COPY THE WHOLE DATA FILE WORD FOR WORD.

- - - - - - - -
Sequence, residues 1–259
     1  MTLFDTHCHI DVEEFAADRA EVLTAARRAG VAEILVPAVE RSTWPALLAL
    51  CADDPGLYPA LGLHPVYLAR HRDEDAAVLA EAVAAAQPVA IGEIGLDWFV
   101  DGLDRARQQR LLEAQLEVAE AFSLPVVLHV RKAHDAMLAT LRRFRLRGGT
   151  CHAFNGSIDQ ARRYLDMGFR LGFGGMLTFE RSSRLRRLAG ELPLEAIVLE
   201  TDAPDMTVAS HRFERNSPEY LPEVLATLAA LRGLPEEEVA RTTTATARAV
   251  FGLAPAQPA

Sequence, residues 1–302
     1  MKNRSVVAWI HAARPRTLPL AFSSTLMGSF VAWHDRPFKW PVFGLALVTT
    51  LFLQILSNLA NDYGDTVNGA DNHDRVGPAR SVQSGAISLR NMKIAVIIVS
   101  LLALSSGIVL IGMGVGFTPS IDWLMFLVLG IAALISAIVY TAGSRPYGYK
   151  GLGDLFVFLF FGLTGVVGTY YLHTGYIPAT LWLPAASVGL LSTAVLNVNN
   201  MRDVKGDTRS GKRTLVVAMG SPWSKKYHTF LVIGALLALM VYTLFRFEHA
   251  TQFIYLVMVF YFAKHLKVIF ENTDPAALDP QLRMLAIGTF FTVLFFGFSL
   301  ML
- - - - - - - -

Sequence, residues 1–259
     1  MTLFDTHCHI DVEEFAADRA EVLTAARRAG VAEILVPAVE RSTWPALLAL
    51  CADDPGLYPA LGLHPVYLAR HRDEDAAVLA EAVAAAQPVA IGEIGLDWFV
   101  DGLDRARQQR LLEAQLEVAE AFSLPVVLHV RKAHDAMLAT LRRFRLRGGT
   151  CHAFNGSIDQ ARRYLDMGFR LGFGGMLTFE RSSRLRRLAG ELPLEAIVLE
   201  TDAPDMTVAS HRFERNSPEY LPEVLATLAA LRGLPEEEVA RTTTATARAV
   251  FGLAPAQPA

Sequence, residues 1–302
     1  MKNRSVVAWI HAARPRTLPL AFSSTLMGSF VAWHDRPFKW PVFGLALVTT
    51  LFLQILSNLA NDYGDTVNGA DNHDRVGPAR SVQSGAISLR NMKIAVIIVS
   101  LLALSSGIVL IGMGVGFTPS IDWLMFLVLG IAALISAIVY TAGSRPYGYK
   151  GLGDLFVFLF FGLTGVVGTY YLHTGYIPAT LWLPAASVGL LSTAVLNVNN
   201  MRDVKGDTRS GKRTLVVAMG SPWSKKYHTF LVIGALLALM VYTLFRFEHA
   251  TQFIYLVMVF YFAKHLKVIF ENTDPAALDP QLRMLAIGTF FTVLFFGFSL
   301  ML